Errol Mckellar, who is a 64 years old car mechanic, was diagnosed with prostate cancer in 2010 and has been on a mission to let other men know about their risk ever since. He recalled that two weeks after taking a PSA test he said he : "got a call from my doctor who asked me to come back and do another blood test. I did the test, then a further two weeks after that I was asked to come in for a biopsy, followed by a scan. My doctor then sat me down and said my prostate was covered in cancer. I ran out of the room, went and sat in the car and I think the word 'cancer' hit me then. I just burst into tears. Fortunately, my cancer was picked up early so now I’m determined to raise awareness of the disease". In February 2011 Errol had an operation to remove his prostate and went on to have three months of radiotherapy. He is continually dealing with some of the serious side effects from his treatment, including bladder control and erectile dysfunction, nevertheless, he has remained clear of cancer.
My own prostate cancer was discovered, almost by accident five years ago, when I had my bladder removed because of bladder cancer and as a matter of course my prostate was also removed and a biopsy revealed it too had evidence of cancer. It is one of the reason why I, like Errol, tell the old men and young men I meet, to get themselves checked out. It is a disease specifically for men, since women do not have a prostate gland and in Britain is now the most common type of cancer for men, with one in eight white Brits diagnosed in their life time and one in four black.
Prostate cancer featured heavily on the BBC Radio 4 'Today' programme on Monday this week at the behest of the guest editor Michael Dobbs, the writer and Conservative peer who was diagnosed and treated for prostate cancer this year. It killed his father and one of his brothers. Errol was interviewed for the programme and delivered powerful testimony : "I told my Dad, when I was diagnosed with prostate cancer a decade ago and my Dad turned to me and said : "Son, I had this problem five years earlier" and I said to him "Was it not something that you needed to tell us ?" I was so angry I couldn't talk to him for nearly six months over it and what we learnt was that this is a conversation that is not always had. That's why it has the title of 'A Silent Killer' because people are reluctant to talk about it and we are high risk".
"The truth of the matter is : This cancer don't care about your colour. It don't care about your wealth - don't really care about you. What it does, if you ignore it - it will kill you. And that's how I put it across to all men".
Michael Dodds said : "Errol felt so strongly about it that he offered a discount at his garage for anybody who could show they'd been tested and because of this about 50 customers discovered that, they too had prostate cancer. Did Errol's discount save lives ? Almost certainly".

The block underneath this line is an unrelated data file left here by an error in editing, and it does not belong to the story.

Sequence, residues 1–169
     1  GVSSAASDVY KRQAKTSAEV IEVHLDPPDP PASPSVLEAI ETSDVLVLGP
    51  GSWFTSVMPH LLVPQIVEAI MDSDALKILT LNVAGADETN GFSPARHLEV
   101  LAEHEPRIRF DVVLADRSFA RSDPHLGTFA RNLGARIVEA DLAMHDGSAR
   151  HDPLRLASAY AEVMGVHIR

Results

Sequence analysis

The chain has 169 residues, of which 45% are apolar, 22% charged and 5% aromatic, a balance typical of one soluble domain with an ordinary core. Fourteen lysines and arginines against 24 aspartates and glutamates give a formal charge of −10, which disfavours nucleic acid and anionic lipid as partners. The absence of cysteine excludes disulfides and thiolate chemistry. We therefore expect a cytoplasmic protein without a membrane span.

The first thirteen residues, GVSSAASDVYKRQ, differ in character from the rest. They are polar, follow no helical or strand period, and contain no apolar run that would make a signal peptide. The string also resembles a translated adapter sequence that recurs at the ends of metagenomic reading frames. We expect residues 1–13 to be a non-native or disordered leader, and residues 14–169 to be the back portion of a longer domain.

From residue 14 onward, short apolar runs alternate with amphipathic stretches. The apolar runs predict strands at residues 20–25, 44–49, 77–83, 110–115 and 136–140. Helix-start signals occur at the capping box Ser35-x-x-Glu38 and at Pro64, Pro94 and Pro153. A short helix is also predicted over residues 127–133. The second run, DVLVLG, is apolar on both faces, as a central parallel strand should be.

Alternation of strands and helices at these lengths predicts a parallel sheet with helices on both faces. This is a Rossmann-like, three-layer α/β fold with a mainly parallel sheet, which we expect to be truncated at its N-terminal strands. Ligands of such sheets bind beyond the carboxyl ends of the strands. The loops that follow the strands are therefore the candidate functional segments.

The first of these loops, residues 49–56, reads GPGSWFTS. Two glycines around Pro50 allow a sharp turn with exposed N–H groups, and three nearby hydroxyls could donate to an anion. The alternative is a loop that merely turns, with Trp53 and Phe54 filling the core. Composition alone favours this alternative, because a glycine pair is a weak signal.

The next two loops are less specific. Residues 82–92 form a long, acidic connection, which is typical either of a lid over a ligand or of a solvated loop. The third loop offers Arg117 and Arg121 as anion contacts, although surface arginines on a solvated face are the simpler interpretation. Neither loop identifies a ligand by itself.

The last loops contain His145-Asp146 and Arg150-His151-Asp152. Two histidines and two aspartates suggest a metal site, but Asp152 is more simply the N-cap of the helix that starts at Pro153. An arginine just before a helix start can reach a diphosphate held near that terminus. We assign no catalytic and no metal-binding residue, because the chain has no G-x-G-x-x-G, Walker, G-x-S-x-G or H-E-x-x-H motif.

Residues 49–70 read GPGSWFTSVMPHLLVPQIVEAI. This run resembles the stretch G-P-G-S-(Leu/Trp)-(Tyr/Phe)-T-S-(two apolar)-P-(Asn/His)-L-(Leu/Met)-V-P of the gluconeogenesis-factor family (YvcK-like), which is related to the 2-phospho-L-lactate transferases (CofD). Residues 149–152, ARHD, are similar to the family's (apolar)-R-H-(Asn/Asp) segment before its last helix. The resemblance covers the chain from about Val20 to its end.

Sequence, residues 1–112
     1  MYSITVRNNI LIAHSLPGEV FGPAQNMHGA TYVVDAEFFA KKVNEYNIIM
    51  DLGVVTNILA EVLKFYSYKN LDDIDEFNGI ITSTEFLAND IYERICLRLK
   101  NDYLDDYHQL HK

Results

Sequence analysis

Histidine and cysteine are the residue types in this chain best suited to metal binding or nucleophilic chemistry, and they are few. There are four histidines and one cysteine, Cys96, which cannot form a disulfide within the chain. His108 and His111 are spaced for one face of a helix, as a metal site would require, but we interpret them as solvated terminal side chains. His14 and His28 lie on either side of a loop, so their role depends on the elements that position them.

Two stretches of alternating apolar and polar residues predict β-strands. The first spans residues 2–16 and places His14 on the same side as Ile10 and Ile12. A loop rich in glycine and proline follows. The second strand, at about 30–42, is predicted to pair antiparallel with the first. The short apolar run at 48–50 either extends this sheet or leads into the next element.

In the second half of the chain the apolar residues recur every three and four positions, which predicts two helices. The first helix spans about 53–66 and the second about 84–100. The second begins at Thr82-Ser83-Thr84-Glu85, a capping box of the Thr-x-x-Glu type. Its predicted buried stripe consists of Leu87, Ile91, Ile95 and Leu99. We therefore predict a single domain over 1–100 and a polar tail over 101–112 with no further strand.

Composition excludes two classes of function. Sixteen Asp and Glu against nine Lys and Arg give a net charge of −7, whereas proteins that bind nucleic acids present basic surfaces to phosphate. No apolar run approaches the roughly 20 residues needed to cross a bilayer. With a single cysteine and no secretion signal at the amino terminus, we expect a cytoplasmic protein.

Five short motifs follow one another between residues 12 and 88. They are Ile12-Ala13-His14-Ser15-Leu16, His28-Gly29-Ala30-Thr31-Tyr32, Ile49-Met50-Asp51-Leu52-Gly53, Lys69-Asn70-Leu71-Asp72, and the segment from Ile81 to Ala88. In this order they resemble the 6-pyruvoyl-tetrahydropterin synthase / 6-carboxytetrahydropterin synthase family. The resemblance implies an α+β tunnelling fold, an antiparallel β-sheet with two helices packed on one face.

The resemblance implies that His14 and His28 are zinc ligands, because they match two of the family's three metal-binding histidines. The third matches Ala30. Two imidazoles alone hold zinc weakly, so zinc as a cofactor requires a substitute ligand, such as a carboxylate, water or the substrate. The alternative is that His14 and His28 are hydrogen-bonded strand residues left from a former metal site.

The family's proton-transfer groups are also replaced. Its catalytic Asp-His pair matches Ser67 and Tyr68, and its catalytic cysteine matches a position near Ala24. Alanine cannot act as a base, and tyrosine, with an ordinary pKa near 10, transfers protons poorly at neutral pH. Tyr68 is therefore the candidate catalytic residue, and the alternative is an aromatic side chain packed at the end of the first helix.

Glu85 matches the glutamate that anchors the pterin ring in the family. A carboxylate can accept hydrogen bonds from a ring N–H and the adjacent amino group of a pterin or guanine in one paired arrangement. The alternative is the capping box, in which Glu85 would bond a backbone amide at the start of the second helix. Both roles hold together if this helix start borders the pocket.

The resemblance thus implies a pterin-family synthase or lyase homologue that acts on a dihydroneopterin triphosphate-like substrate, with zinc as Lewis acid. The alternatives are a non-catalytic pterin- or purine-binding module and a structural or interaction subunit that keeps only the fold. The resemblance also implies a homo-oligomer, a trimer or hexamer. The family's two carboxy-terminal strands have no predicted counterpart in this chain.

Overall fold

The much-loved TV presenter Bill Turnbull told Michael that he had ignored possible symptoms for months before finally going to see his GP. “Maybe if I’d seen my GP earlier, I wouldn’t be in quite the mess I am in now. But men do that. "I’ll be all right, there’s nothing wrong with me", and it’s embarrassing”. In that respect he had been been like many old and 'not so old men' who do not get tested and do not seek help despite the outcomes of being treated being good. Bill's prostate cancer is treatable but not curable and he said, laughing, that his hope in life “was to stay alive as long as possible”.
There are about 50,000 new cases of prostate cancer in Britain each year and about 11,000 men will die as a result. Despite this death toll there is no totally effective screening programme because a blood test showing levels of the prostate-specific antigen (PSA) is only a guide. It does not accurately distinguish between dangerous cancers and harmless ones.Professor Nicholas Van As
of the Royal Marsden Hospital, Chelsea, underlined this point when he said : "The problem with prostate cancer is you may find the cancer and it may be a cancer that men never needed to know about because in his natural lifespan, it was never going to progress and he'd never need treatment. Although we have a blood test - a PSA test which is useful in prostate cancer, it's actually not a good screening test. You can have an elevated PSA and not have prostate cancer. In fact, you can have a lower than, what's classically thought of as a 'normal PSA' and still have prostate. So it's not a very good diagnostic test".
Professor Ros Eeles
, of the Institute of Cancer Research, told the BBC Radio 4 Today programme that if a PSA test was carried out now on every man in Britain over the age of 55 it would lead to over-treatment. She said : “We will end up treating at least 12 men for every one man that you should really find disease which is going to impact on that man’s life. In the breast screening programme, it’s three to one”.
However, she was optimistic that situation would change “with the advances in genetics and also imaging, particularly MRI, realistically we do need some more data but we’re probably looking at getting close to a tailored screening programme in the next three to five years. We might need to use all of them together so we can find those who have significant disease”.
Professor Peter Johnson
, the 'National Clinical Director for Cancer' at NHS England, told the programme that, because of the pandemic, there were several thousand fewer men starting treatment than in a normal year. He said : “It isn’t that there’s a big backlog in the system of people waiting to be diagnosed, it’s literally we haven’t even met them yet and that’s what we’re anxious to reverse”.
He urged men to use the risk checker on the 'Prostate Cancer UK' website.
Errol received his MBE honour from the Queen for : 'Outstanding Achievement in the Community'.